To change, we'll need practice and lots of it. We will need to be determined, patient and forgiving. During this time of transition, it is important to commend ourselves on a job well done for every teeny tiny step we make in the right direction and reserve judgment and criticism for our excruciating snail's pace and far too frequent regressions.  Any forward movement is commendable, and we need to refrain from berating ourselves for the tiny slips, or huge lunges, backward. Transgression is a predictable part of the process. We are breaking old habits here. We are dismantling well established patterns. We are braving change, and that means daring greatly -challenging ourselves and exposing our vulnerabilities. And, that ain't easy. It's scary, so be determined. 

Change can be hard. hard to initiate, hard to accept and hard to sustain.There are reasons we do what we do, the way we do. Darn good reasons. They may no longer be serving us, and it's time for them to go, but that doesn't mean they will go quietly or won't put up a fight! Determination, appreciation and practice must be our new allies. Practicing our new behaviors with kindness to all parts of ourselves, including the stubborn parts that want to hold on to the known and dependable at any cost, and the daring parts that are ready for new frontiers - adventure, improvement and change.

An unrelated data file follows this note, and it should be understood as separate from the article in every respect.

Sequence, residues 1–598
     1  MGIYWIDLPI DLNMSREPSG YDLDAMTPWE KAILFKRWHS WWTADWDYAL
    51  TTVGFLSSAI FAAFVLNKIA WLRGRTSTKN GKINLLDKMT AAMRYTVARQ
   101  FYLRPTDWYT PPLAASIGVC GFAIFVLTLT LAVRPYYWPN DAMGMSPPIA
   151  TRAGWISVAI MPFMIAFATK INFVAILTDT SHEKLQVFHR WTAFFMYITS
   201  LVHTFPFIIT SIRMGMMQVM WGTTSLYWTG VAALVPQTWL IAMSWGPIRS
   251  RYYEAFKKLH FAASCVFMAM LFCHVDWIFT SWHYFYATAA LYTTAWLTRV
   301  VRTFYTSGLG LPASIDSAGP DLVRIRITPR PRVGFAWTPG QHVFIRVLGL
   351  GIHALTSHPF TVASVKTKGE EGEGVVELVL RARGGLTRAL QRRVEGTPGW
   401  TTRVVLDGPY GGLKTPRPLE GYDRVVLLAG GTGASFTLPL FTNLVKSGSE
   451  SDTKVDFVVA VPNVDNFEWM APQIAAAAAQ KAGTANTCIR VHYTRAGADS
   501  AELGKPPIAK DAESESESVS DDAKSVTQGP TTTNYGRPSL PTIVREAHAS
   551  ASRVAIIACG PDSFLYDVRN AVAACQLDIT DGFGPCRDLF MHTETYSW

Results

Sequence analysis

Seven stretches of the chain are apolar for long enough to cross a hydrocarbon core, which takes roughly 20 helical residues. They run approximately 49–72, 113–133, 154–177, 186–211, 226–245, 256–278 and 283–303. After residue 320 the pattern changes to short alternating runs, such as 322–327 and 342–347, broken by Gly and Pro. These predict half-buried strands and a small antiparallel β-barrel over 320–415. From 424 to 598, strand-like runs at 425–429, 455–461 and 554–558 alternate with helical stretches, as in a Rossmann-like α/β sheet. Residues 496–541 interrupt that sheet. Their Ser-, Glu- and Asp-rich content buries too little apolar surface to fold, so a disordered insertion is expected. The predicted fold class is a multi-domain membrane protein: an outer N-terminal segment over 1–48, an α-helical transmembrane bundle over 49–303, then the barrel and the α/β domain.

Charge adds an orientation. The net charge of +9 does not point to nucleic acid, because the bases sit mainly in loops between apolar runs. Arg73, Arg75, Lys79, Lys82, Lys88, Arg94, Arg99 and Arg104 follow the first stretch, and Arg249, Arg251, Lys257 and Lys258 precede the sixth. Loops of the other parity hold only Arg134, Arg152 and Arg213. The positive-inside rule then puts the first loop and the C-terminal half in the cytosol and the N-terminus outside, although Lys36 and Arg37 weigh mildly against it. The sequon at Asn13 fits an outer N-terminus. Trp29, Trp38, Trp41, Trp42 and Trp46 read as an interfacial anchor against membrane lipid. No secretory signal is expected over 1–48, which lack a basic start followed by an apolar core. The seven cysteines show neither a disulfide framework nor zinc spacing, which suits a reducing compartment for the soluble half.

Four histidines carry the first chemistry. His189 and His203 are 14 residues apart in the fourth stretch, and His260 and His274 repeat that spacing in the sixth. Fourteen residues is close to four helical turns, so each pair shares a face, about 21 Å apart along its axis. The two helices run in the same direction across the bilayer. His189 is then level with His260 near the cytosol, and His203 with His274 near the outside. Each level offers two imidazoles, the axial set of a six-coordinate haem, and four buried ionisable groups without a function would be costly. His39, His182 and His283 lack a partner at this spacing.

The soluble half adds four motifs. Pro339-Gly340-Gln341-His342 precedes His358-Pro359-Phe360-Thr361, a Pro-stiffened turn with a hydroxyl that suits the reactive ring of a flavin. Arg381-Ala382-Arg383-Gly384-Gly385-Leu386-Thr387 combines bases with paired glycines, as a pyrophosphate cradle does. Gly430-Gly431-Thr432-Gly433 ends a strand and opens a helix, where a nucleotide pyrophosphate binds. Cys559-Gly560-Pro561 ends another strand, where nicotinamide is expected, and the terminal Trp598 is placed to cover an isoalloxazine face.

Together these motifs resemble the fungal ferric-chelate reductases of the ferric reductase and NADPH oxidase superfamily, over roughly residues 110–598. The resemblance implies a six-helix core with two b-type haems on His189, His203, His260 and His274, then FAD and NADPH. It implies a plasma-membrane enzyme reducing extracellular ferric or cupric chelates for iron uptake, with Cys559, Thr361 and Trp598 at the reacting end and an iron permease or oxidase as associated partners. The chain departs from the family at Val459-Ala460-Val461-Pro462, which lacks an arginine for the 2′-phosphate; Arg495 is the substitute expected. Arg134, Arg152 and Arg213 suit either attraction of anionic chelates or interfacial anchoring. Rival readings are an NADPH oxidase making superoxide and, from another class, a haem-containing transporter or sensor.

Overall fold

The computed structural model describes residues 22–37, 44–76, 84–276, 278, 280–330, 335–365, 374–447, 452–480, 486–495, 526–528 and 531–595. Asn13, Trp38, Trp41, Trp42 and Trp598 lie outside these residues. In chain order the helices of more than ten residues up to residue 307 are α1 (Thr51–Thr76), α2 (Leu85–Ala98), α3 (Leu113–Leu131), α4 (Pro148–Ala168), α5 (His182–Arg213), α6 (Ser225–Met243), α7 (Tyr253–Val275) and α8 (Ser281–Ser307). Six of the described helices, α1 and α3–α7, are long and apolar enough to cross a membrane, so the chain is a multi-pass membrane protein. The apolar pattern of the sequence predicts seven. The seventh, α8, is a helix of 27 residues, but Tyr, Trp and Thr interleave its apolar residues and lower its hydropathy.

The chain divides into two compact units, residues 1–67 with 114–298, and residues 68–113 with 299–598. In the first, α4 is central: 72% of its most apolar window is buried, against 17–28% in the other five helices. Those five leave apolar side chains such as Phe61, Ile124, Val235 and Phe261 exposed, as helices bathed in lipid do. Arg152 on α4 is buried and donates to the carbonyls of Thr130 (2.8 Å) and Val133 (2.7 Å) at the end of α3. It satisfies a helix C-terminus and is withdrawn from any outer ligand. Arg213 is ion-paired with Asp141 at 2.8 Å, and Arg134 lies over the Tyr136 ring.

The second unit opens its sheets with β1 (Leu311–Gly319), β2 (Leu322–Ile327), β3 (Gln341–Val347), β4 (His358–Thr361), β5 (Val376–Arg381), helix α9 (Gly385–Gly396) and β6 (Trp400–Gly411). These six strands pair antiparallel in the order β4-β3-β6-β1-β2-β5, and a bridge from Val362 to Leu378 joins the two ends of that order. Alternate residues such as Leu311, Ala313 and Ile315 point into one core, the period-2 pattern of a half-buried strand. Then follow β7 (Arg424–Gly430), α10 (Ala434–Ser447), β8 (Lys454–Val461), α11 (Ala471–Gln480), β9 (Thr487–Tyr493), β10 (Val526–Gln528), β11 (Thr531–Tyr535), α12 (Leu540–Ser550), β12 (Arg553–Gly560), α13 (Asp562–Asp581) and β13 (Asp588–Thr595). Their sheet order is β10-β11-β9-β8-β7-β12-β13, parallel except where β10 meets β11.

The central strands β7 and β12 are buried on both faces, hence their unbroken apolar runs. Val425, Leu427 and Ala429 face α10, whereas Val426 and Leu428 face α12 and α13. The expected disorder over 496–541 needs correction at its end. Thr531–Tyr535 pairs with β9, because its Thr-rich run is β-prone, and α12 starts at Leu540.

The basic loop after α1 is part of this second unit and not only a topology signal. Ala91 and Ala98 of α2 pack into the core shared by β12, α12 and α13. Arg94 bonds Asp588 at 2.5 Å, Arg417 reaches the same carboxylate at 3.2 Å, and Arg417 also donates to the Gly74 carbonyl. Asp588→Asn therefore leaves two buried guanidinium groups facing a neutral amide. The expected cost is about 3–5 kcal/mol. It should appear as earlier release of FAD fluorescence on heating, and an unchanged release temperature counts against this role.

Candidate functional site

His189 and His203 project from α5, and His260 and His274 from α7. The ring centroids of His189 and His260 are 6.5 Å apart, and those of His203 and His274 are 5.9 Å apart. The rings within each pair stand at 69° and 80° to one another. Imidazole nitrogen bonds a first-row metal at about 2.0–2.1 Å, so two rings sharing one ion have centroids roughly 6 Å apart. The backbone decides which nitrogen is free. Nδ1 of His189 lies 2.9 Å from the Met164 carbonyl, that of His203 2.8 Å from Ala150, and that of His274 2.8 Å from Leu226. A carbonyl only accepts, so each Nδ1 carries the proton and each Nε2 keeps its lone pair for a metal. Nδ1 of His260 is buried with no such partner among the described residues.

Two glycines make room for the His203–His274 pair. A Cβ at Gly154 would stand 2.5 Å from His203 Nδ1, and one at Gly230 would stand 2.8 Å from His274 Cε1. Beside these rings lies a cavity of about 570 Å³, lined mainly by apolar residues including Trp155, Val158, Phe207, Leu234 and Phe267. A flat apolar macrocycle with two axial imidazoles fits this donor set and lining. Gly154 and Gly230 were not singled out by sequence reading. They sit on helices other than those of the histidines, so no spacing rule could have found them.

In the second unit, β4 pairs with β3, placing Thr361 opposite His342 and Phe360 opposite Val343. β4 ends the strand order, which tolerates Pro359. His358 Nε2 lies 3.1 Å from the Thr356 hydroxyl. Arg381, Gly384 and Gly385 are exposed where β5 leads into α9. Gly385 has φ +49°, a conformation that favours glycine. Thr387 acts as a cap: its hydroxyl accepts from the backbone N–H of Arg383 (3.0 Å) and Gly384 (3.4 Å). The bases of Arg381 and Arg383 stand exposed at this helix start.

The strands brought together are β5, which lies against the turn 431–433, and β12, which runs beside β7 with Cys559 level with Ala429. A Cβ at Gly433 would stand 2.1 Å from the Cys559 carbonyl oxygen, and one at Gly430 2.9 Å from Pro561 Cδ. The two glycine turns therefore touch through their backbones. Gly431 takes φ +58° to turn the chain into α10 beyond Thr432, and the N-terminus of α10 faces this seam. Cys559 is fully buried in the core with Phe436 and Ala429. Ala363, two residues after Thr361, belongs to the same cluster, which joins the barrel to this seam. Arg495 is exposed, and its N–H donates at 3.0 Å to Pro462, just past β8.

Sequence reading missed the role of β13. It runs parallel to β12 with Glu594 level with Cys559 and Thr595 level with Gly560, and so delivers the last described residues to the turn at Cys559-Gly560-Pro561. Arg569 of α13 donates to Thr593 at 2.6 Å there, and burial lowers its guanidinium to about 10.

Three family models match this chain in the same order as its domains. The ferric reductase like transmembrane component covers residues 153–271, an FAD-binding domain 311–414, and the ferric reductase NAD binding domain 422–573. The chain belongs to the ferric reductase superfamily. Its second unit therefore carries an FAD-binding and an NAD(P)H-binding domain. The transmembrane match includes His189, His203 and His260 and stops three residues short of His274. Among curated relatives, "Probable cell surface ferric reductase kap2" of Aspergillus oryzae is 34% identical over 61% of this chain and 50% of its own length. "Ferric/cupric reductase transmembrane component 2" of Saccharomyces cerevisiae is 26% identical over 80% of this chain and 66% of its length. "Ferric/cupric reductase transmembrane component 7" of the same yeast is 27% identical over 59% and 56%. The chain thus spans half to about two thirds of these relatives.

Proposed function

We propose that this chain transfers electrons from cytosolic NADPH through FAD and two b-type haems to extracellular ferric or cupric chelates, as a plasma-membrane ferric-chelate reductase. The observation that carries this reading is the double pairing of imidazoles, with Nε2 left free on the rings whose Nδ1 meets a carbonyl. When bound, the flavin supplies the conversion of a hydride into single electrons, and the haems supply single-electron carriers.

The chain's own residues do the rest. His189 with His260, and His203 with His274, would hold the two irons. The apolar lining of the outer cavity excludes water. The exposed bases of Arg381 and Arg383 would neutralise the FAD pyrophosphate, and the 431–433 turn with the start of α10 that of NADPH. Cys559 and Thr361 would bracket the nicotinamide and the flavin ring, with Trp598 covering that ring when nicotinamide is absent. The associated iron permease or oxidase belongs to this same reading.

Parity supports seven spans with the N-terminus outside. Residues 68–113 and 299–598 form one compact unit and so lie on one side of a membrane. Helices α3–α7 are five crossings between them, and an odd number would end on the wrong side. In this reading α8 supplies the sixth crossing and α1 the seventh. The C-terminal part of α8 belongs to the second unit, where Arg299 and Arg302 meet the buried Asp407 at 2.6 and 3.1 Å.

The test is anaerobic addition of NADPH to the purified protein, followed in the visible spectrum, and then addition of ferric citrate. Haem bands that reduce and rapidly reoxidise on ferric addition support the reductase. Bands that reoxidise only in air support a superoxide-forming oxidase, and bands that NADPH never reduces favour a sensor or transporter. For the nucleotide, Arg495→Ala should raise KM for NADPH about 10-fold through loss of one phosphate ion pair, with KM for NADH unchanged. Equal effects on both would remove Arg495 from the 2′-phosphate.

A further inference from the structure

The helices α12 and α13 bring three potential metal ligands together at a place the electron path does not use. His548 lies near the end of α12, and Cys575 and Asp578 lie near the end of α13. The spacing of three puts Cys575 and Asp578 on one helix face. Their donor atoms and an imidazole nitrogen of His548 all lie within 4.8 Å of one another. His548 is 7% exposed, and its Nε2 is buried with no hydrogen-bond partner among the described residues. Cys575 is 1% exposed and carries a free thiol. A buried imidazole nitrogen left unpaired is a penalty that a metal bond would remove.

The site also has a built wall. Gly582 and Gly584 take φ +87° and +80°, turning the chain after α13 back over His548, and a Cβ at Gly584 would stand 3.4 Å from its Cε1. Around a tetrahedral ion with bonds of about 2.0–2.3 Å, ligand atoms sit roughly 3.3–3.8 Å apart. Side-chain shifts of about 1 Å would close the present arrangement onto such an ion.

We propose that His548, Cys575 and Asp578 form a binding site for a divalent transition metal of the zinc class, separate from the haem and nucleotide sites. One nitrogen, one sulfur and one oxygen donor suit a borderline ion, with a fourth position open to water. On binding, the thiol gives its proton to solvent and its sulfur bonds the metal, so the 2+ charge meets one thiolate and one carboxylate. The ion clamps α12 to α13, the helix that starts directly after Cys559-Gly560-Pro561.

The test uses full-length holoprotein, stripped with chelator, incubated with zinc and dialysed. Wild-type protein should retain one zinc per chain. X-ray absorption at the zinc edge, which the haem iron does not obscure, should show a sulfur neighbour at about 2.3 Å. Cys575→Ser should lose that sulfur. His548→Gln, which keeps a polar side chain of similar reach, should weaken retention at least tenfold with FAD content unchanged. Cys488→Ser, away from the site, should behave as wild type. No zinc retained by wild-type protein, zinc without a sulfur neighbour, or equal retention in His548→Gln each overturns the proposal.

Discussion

Bring on 2016, and go BIG!

pesky physics

Action - Reaction. Same action - same reaction. Same action -HOPE- same reaction. Same action- PRAYER - same reaction. NEW INTENTION - same action - same reaction. New intention - new action - new reaction - CHANGE - DESIRED RESULT

Fact or Fiction

Fact or fiction; truth or tale? Are you focused on the facts or the story? Are you looking for what's true, or are you weaving a yarn for a good tale? Sometimes, strangely, it's hard to tell. Especially if we've been telling ourselves, or others, some solid stories for a good long time. Often we have become so adept at avoiding what we deem to be an unpleasant truth that we can't even see the reality once we earnestly begin to look for it.